The reason the bailout may not be working as planned could be due to looking at only the tip of the iceberg. The government tried to fix what they saw as the problem at the time, but did not take a look at the wider picture. Our out of control debt spending as a country has come back to bite us.
I am not posting these thoughts to justify my original thoughts on the bailout, but to open peoples eyes to what may be a far bigger problem than we ever anticipated. I may be wrong again. However, I hope that at least I get people to start thinking beyond just the surface of the problem and examine all the interconnected parts of our economy that may be part of the problem. If we don't look at the larger picture, possibly none of our plans for fixing the problem will work.
Posted by Rob Garbin 2008-11-14 05:29:54
Saturday, November 1, 2008
Ugly is as Ugly does!
I just recently bought the documentary film "Who killed the electric car". I had caught bits and pieces of it on pay cable, but had not seen the whole thing. Before I tell you anymore of my thoughts, I want to tell you something that has been nagging me for awhile. Why are hybrid cars so ugly? I am not thrying to say that a person that buys a hybrid car has no taste. They may have a lot of style; unfortunately, this is all they are given.
This has bothered me for a while. Why is the only serious hybrid out there, the Prius, so for my tastes so crappy looking? I could not understand why they could not make a hybrid without at least some of the styling of their gas guzzling cousins. Having watch this documentary, it all became clear. They don't want them to be cool loking because then they would sell even more. Please, if my rantings have any meaning for you, watch this movie.
I will also tell you to take a slightly different tact then a pundit would toss at you. It is easy to point the blame factor at Big Oil, Big Auto, and the Government, but we are all in some ways responsible. We all fight change. Yes the big cats are sacrificing are national security for the sake of current profits. However, we are letting them by not standing up and saying no more. We are also supporting them by not changing our ways and/or scraficing cherished notions of the way we use our vehicles. In other words, this leads back to my post on patriotism. Giving up a little comfort for the greater good of the country is patriotism to me. Not to the level our soldiers and their families endore; however, if we all did a little more sacrificing, maybe they would not have to be doing any.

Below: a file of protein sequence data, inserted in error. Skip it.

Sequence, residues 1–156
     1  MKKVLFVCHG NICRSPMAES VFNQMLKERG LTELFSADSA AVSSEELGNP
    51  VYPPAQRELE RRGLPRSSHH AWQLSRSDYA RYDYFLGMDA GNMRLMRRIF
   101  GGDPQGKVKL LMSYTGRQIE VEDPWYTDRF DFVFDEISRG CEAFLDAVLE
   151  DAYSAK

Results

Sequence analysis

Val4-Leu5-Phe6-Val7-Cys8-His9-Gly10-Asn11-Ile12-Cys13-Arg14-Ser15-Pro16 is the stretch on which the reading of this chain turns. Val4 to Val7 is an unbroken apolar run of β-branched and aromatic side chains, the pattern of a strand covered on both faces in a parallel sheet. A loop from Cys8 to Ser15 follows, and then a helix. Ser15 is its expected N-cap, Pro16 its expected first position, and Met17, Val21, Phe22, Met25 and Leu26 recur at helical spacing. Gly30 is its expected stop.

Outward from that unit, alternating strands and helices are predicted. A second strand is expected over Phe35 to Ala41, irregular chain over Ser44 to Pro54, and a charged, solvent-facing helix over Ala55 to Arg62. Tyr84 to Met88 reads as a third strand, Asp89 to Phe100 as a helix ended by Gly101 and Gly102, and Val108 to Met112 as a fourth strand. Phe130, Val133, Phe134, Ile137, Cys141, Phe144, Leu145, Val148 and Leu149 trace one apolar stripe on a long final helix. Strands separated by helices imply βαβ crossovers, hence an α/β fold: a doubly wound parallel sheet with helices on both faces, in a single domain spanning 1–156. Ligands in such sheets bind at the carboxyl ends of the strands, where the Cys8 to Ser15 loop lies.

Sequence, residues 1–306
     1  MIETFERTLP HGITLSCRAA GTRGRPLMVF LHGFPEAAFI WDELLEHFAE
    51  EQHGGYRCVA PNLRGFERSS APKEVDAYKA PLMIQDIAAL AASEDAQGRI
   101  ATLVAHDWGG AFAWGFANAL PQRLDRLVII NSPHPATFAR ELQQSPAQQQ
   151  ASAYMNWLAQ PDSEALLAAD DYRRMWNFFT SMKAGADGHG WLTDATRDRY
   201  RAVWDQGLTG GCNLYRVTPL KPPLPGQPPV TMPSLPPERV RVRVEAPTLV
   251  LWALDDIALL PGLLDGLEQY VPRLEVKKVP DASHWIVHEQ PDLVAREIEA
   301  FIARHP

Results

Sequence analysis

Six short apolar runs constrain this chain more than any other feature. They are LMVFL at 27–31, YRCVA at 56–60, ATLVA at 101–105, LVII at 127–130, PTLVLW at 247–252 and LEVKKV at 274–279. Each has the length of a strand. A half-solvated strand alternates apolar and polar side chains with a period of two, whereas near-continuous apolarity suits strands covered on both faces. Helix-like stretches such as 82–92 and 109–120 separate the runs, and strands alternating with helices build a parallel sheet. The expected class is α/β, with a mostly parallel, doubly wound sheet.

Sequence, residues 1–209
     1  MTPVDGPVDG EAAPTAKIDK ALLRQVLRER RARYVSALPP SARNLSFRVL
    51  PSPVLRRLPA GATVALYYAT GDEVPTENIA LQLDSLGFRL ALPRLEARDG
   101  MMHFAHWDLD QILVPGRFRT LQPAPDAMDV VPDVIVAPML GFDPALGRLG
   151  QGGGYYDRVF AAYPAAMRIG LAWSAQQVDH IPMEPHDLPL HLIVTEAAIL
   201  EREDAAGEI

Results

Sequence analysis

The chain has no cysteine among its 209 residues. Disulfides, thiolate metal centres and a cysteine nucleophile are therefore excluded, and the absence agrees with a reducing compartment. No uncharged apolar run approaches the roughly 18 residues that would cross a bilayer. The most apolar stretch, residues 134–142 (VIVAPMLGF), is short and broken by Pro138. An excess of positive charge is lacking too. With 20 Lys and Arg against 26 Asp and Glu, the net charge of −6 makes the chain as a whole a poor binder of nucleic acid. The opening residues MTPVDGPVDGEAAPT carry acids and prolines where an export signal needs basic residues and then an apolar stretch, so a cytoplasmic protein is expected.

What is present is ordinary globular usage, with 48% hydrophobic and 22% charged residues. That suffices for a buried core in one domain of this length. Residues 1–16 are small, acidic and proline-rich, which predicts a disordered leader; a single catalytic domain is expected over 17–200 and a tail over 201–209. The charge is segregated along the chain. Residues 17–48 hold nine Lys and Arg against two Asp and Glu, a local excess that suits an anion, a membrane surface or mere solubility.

Another reason to be humble in how we handle this issue is that there needs to be a way to help transition workers in the affected industries. If cars didn't use gas, why would we need gas stations? Where do these workers go? If we don't need gas stations, why would we need gas truck drivers? Where do these workers go? If we don't need gas truck drivers, why would we need gas refineries? Where do these workers go? And on and on... Yes it is easy to blame the fat cats whom pray on our fears to maintain a status quo that keeps them rich. Unfortunately, there are an aweful lot of people below them in the trenches who will fight hard too, because they have to. Unless we can give them a viable alternative to feeding our addition, they will not change their ways either.
Any energy policy that says we can just make the change in only a few years is a sham. Any energy policy that says this can be done without any sarifice is a lie. We as a nation have to lift our eyes up from the pavement of short-term gains to the horizon of long-term gains before we walk out into the street or into a telephone pole.
I will leave you with one last piece of wisdom. Beware of the group mentality. Always question who you follow, but do so grasciously. I say this because of another documentary that I caught part of. I don't know the name of it, but it had to do with the crazy nuclear bomb testing that went on during the cold war. All these egg-heads running around coming up with ways to make bigger bombs that they were sure they understood and could control. The show told of one test for that the scientists predicted would be, I think, a 6 mega-ton explosion. After the detonation on a small Pacific island, the scientists were horrified to learn that they had unleashed something closer to 15 mega-tons. What if they had been even further off than that and unleashed a planet killer? We might not be here today. One person with a bad idea an a group of blind followers can do a lot of damage.
By the way, if anyone can tell me the name of the bomb documenary, I would be very greatful!
Posted by Rob Garbin 2008-11-01 00:34:23